Butchart, S., Clarke, M., Smith, R.J., Sykes, R.E., Scharlemann, J.P.W., Harfoot, M., Buchanan, G.M., Angulo, A., Balmford, A.,  Bertzky, B., Brooks, T.M., Carpenter, K.E., Comeros-Raynal, M.T., Cornell, J., Ficetola, G.F., Fishpool, L.D.C., Fuller, R.A., Geldmann, J., Harwell, H., Hilton-Taylor, C., Hoffmann, M., Joolia, A., Joppa, L., Kingston, N., May, I., Milam, A., Polidoro, B., Ralph, G., Richman, N., Rondinini, C., Segan, D., Skolnik, B., Spalding, M., Stuart, S.N., Symes, A., Taylor, J., Visconti, P., Watson, J., Wood, L. & N.D. Burgess (2015) Shortfalls and solutions for meeting national and global conservation area targets. Conservation Letters. 8 (5): 329 – 337. (http://bit.ly/1EDyfTD)

Richman, N., et al. (2015) Multiple drivers of decline in the global status of freshwater crayfish (Decapoda: Astacidea). Philosophical Transactions of the Royal Society B. 370 (1662): 20140060. (http://bit.ly/1Ac2HgW).

Richman, N., et al. (2014) To see or not to see: investigating Ganges River dolphin detectability using a combined visual-acoustic survey. PLoS ONE. 9 (5): e96811. (http://bit.ly/1H56m9J)

Richman, N.I. (2013) Environmental Impact of Tidal Barrages. Parliamentary Office of Science and Technology Note Number 435. (http://bit.ly/1QIfkOw)

Collen, B., Whitton, F., Dyer, E.E., Baillie, J.E.M., Cumberlidge, N., Darwall, W.R.T., Pollock, C., Richman, N.I., Soulsby, A.-M. & Böhm, M. (2013) Global patterns of freshwater species diversity, threat and endemism. Global Ecology and Biogeography. 23 (1): 40 – 51. (http://bit.ly/1Ncrdqw)

Böhm, M., et al. (2013) The conservation status of the world's reptiles. Biological Conservation 157, 372–385. (http://bit.ly/1exyTs6)

Michael Hoffmann, Craig Hilton-Taylor, Ariadne Angulo, Monika Böhm, Thomas M. Brooks, Stuart H. M. Butchart, Kent E. Carpenter, Janice Chanson, Ben Collen, Neil A. Cox, William R. T. Darwall, Nicholas K. Dulvy, Lucy R. Harrison, Vineet Katariya, Caroline M. Pollock, Suhel Quader, Nadia I. Richman et al. (2010) The Impact of Conservation on the Status of the World’s Vertebrates. Science. 330: 1503-1509. (http://bit.ly/1Ft53Ke)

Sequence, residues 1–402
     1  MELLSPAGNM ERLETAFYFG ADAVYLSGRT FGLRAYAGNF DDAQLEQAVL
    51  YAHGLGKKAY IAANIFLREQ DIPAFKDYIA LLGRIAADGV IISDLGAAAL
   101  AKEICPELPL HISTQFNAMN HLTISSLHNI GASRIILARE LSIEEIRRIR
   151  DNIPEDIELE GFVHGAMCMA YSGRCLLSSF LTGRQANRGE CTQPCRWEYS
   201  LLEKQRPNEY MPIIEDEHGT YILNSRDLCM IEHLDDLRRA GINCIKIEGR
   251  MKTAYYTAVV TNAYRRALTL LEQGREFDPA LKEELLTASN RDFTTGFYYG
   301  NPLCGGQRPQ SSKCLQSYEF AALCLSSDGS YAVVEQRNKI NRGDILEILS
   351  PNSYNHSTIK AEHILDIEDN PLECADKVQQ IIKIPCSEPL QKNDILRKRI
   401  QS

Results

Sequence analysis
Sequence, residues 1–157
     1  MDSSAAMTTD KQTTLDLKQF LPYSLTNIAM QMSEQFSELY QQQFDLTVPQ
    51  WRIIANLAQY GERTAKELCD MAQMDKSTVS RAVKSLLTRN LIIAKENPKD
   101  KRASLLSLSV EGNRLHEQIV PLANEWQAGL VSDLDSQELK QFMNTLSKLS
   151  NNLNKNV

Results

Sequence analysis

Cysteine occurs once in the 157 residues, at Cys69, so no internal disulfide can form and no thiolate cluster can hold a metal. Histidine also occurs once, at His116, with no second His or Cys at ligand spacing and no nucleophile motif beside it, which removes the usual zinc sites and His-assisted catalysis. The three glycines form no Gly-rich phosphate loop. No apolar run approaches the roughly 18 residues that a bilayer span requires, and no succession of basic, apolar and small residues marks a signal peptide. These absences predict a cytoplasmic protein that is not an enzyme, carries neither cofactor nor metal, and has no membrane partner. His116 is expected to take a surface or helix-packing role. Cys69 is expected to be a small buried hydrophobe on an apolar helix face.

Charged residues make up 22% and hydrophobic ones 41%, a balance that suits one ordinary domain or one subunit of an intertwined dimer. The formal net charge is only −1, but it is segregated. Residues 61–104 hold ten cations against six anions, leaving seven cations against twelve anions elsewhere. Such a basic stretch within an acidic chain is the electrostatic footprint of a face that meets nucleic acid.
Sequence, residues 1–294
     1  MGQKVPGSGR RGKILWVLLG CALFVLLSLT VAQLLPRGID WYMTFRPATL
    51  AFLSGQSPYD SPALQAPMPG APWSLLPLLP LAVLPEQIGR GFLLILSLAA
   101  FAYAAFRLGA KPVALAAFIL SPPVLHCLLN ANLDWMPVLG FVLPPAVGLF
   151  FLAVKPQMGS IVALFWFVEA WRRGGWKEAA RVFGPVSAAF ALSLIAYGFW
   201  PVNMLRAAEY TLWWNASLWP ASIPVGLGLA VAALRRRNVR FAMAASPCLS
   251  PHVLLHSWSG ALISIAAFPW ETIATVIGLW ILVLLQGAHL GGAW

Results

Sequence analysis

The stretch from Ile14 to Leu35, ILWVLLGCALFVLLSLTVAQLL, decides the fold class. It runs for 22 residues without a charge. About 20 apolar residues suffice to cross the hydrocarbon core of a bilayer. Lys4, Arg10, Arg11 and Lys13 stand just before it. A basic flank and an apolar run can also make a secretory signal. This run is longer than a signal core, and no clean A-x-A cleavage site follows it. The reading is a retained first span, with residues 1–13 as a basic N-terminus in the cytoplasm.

Other Publications

Dewhurst Richman, N., (in press) A review of the causes of Unusual Mortality Events (UMEs) in cetaceans. International Whaling Commission Technical Report.

Kemp, R., Peters, H., Allcock, A., Carpenter, K., Obura, D., Polidoro, B., Richman, N. (2012) Marine Invertebrate Life. In: Collen, B., Böhm, M., Kemp, R. & Baillie, J.E.M. (Eds.) Spineless: status and trends of the world's invertebrates. Zoological Society of London, United Kingdom. (http://bit.ly/1BtOWB9)

Sibley, P.J., Holdich, D.M. and Richman, N. (2011) Monitoring the global status of crayfish, with particular reference to the White-clawed crayfish. In: Rees, M., Nightingale, J., Holdich, D.M. (Eds.) Species Survival: Securing white-clawed crayfish in a changing environment. Proceedings of a conference held on 16th and 17th November 2010 in Bristol, UK.

Hoffmann, M., Richman, N., McRae, L., Hilton-Taylor, C. and Böhm, M. (2010) Vertebrata. In: Baillie, J.E.M., Griffiths, J., Turvey, S.T., Loh, J., & Collen, B. (Eds.). Evolution Lost: Status and Trends of the World’s Vertebrates. Zoological Society of London, United Kingdom. (http://bit.ly/1dVBevT)

Collen, B., Ram, M., Dewhurst, N., Clausnitzer, V., Kalkman, V. J., Cumberlidge, N. and Baillie, J.E.M. (2009). Broadening the coverage of biodiversity assessments. In: Vié, J. C., Hilton-Taylor, C. and Stuart, S. (Eds.). Wildlife in a Changing World: An Analysis of the 2008 IUCN Red List of Threatened Species. Gland, Switzerland: IUCN. 180pp. (http://bit.ly/1LwctT9)